Monday, November 16, 2009

A New Thanksgiving Wine Idea- Les Traverses de Fontanès Vin de Pays d’Oc Rouge 2007

Les Traverses de Fontanès Vin de Pays d’Oc Rouge 2007 (100% Cabernet Sauvignon) (available at Slope Cellars, Brooklyn, $14.99/btl)

Ah, Thanksgiving wines past. You’ve done Riesling. You’ve done Zinfandel. You’ve even done Gamay. And they’ve all done their jobs…of not competing with the crazy array of flavors and spices, of being all-American, of being light and easy, respectively. But now you want to do something different, not to go against the grain, but just to change things up a bit, maybe deepen your appreciation for the old reliables next year. They’ll be there for you, not to worry. And goody for you, because in just walked the Languedoc’s Cyriaque Rozier with his Traverses de Fontanès Vin de Pays d’Oc Rouge 2007, a bright, fresh, Cabernet Sauvignon that’s just perfect for Thanksgiving, even though it’s not brimming with fruit and acidity a la Riesling, all-American like Zinfandel, or light like Gamay. We like to think of it as the uninvited Thanksgiving guest who ends up being the life of the party without taking over.

Les Traverses de Fontanès is fresh and youthful, with a shimmering garnet, almost opaque appearance, and translucent purple rim. The forward nose offers cassis jam, kirsch, and a pleasant whiff of acetone. Sipping, we get sweet-tart cassis, a bit of cedar, and silky texture, underscored by a quick brush of tannin. Second sip, we get some caramel and salt, and a bit more concentrated cassis at the core, all within a medium-weight frame. But this is only if you pay attention. For those of your guests who aren’t taking wine notes, it’s just a delicious wine that seems to go well with everything you’ve put out or they’ve brought over. With turkey, dressing, and gravy, it provides just enough acidity to balance the fat and protein. With sweet potatoes and orange-cranberry relish, it holds its own against the sugar and tart fruits. There’s no real spice element, so it doesn’t compete with highly seasoned dishes, so much as complement them. And it’s not heavy, so it tastes like another one: the Fontanès is a quaffer in the end. We like to serve it barely chilled.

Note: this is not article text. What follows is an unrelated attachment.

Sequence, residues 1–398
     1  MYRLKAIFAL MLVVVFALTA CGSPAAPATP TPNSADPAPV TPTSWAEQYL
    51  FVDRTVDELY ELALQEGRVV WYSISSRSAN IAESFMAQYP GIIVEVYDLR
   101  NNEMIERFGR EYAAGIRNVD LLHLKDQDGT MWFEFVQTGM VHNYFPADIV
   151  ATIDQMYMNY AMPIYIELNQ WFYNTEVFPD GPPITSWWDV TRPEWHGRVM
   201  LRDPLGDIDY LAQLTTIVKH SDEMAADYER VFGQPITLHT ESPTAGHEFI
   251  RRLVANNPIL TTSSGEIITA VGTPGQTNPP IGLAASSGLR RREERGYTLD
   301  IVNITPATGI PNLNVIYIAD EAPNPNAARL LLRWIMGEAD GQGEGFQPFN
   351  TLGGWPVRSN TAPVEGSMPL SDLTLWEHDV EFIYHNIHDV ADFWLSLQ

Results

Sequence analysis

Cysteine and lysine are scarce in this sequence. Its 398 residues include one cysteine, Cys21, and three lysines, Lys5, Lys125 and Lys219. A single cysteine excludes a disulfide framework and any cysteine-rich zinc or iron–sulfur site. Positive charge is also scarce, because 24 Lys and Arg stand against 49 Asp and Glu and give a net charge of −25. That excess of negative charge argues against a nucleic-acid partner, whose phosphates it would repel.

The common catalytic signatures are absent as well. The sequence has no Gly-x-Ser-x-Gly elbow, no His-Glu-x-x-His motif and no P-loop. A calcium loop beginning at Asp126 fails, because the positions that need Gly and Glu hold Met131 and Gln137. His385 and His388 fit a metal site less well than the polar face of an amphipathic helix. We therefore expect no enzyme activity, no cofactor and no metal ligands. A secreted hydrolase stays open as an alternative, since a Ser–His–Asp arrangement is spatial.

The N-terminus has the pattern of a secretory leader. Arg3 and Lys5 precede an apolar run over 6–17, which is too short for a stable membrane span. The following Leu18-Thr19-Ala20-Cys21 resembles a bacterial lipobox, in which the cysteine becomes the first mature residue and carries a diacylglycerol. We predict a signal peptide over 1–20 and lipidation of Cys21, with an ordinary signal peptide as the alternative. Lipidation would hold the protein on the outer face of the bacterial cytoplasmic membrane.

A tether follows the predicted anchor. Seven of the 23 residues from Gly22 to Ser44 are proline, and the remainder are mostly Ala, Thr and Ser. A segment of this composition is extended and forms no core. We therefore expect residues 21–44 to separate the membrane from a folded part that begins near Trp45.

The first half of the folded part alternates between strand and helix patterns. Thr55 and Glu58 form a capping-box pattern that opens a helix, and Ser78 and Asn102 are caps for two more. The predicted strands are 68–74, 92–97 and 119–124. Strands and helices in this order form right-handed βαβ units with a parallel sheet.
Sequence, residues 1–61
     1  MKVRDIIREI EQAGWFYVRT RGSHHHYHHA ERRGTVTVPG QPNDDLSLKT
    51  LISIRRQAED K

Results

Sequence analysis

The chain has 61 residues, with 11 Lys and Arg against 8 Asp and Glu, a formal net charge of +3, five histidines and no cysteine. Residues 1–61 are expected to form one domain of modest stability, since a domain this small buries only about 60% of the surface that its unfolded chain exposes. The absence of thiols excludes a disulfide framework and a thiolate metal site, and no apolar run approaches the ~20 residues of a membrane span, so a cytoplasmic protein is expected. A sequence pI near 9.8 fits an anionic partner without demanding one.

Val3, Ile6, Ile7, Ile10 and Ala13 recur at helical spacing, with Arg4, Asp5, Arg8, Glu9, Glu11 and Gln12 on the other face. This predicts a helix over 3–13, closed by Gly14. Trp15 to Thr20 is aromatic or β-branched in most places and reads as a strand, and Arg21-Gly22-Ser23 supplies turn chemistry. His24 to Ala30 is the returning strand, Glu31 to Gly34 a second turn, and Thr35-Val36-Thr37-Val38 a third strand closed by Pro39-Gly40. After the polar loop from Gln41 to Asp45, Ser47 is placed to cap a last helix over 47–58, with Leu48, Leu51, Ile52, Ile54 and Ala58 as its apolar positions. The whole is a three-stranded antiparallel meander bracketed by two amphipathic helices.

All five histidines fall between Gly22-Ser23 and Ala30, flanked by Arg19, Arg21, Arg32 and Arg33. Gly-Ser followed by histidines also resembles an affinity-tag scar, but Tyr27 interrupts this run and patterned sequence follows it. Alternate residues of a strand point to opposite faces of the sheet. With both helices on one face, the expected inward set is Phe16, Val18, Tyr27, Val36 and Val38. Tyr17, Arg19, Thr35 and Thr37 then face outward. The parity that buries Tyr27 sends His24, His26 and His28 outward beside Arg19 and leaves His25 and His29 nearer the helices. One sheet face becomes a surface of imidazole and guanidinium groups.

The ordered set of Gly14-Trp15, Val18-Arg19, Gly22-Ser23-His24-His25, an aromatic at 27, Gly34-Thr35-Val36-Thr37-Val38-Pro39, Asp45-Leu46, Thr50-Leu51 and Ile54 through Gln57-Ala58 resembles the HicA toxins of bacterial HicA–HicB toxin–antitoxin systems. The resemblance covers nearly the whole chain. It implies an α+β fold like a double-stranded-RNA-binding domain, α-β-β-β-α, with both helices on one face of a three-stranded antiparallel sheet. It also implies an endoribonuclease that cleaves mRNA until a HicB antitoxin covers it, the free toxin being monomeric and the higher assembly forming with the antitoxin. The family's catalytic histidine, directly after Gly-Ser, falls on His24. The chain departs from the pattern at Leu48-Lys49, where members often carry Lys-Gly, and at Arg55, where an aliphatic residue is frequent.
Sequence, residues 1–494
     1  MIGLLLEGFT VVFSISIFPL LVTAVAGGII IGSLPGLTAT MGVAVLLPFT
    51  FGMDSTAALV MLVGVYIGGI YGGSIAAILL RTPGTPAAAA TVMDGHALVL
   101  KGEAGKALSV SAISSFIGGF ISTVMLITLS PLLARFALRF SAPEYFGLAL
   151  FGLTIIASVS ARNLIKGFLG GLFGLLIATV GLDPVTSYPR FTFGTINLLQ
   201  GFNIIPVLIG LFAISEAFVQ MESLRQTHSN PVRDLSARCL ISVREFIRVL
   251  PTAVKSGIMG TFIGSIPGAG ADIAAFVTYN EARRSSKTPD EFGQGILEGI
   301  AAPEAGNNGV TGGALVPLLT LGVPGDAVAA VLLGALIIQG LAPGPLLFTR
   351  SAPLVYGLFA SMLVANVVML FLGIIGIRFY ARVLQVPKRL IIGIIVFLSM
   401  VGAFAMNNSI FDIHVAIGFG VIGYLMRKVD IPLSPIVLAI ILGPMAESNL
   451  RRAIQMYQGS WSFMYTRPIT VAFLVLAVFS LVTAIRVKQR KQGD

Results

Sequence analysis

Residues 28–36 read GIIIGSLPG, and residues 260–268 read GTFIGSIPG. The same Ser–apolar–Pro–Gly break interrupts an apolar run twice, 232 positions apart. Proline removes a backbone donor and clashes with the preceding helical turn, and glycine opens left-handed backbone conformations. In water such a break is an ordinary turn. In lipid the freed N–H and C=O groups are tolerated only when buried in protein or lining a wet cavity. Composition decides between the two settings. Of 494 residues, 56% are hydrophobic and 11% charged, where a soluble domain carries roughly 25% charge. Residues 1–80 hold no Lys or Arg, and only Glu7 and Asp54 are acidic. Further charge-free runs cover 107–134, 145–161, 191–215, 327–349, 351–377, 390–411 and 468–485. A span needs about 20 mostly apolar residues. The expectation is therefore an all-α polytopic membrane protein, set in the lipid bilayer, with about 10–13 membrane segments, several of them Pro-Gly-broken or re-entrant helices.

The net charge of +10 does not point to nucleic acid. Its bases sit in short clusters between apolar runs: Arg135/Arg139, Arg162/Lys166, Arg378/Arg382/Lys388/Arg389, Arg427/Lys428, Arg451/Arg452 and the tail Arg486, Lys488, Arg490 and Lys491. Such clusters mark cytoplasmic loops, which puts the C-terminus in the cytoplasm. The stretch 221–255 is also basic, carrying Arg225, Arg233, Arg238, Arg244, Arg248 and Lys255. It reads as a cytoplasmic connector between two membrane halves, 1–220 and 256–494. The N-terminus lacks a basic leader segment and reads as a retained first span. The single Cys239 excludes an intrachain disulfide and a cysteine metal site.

By pumpkin pie/football time, the Fontanès has worked the room without bringing up politics or religion, charmed everyone, and more than made up for showing up uninvited. Everyone wonders why he wasn’t invited in the past. This is what Thanksgiving should be. Or at least what a Thanksgiving wine should be.

Beth Baye

No comments:

How to Pick a Summer Wine: The Gentler, Lighter Side of Wine

Summer’s soaring temps beg you to step away from heavy Cabernets and check out the gentler, lighter side of wine. When choosing the perfect summer wine for your outdoor engagement party or wedding, think light, crisp, refreshing--and because people tend to drink more in the heat--lower in alcohol. Nothing more prettily suggests summer than a dry (i.e. not sweet) rose. Avoid the simple, syrupy versions and try French roses from the Mourvèdre grape or roses made using the Saignee method for more complexity. Pick wines from countries where you imagine the locals sipping leisurely at sidewalk cafés while basking in the sun, like Spain. A Spanish fave is Albarino from the Rias Baixas region. Made to drink young, Albarino is a crisp, white wine with intense fruit, lively acidity and generally a lower level of alcohol. It pairs perfectly with summer foods from seafood to grilled vegetables. But you don’t need to swear off red wine for summer. Look for light bodied wines like Pinot Noir from Oregon or a Valpolicella from Italy, both capable of standing up to barbequed foods. And don’t be afraid to put a slight chill on your red wine. It is summer after all!

Rías Baixas Albariño from Spain, “Exceptional with Everything” Oh Really?